When a chemical compound is formed from its constituents, heat may either be absorbed or released. The quantity of heat absorbed or given off during transformation is called the heat of formation. Heats of formations for solids and gases found in explosive reactions have been determined for a temperature of 25 °C and atmospheric pressure, and are normally given in units of kilojoules per gram-molecule. A negative value indicates that heat is absorbed during the formation of the compound from its elements; such a reaction is called an endothermic reaction. In explosive technology only materials that are exothermic—that have a net liberation of heat—are of interest. Reaction heat is measured under conditions either of constant pressure or constant volume. It is this heat of reaction that may be properly expressed as the "heat of explosion."
Initiation of reaction
A chemical explosive is a compound or mixture which, upon the application of heat or shock, decomposes or rearranges with extreme rapidity, yielding much gas and heat. Many substances not ordinarily classed as explosives may do one, or even two, of these things.
A reaction must be capable of being initiated by the application of shock, heat, or a catalyst (in the case of some explosive chemical reactions) to a small portion of the mass of the explosive material. A material in which the first three factors exist cannot be accepted as an explosive unless the reaction can be made to occur when needed.
Fragmentation is the accumulation and projection of particles as the result of a high explosives detonation. Fragments could be part of a structure such as a magazine. High velocity, low angle fragments can travel hundreds or thousands of feet with enough energy to initiate other surrounding high explosive items, injure or kill personnel and damage vehicles or structures.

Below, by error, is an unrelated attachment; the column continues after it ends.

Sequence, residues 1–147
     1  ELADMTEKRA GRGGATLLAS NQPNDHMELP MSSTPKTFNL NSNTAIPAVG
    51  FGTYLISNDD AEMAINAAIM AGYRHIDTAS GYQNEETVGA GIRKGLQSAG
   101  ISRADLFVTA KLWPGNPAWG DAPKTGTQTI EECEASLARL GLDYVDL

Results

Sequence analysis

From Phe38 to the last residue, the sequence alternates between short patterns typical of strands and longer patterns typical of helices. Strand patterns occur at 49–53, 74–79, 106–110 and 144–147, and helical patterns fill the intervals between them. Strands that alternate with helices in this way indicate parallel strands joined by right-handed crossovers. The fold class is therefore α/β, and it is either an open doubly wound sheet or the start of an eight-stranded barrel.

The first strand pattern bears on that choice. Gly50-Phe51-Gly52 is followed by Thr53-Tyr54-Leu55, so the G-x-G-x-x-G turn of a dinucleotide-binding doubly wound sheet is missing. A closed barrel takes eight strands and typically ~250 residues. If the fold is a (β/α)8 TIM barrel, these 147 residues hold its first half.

Use in war
- Artillery, mortars, and cannons
- Gunpowder and smokeless powder as a propellant in firearms and artillery
- Missiles, rockets, and torpedoes
- Atomic bombings of Hiroshima and Nagasaki
- Land mines, naval mines, and IEDs
- Satchel charges and sapping
- Hand grenades
- Mount St. Helens
- Mount Tambora
- Mount Pinatubo
- Toba catastrophe theory
- Yellowstone Caldera
|Look up explosion in Wiktionary, the free dictionary.|
|Look up explode in Wiktionary, the free dictionary.|
- Dust explosion
- Explosion protection
- Explosive limit
- Fuel tank explosion
- Implosion (mechanical process)
- Internal combustion engine
- List of unexplained explosion events
- Mushroom cloud
- Piston engine
- Standards for electrical equipment in potentially explosive environments
- Underwater explosion
- Dubnikova, Faina; Kosloff, Ronnie; Almog, Joseph; Zeiri, Yehuda; Boese, Roland; Itzhaky, Harel; Alt, Aaron; Keinan, Ehud (2005-02-01). "Decomposition of Triacetone Triperoxide Is an Entropic Explosion". Journal of the American Chemical Society 127 (4): 1146–1159. doi:10.1021/ja0464903. PMID 15669854.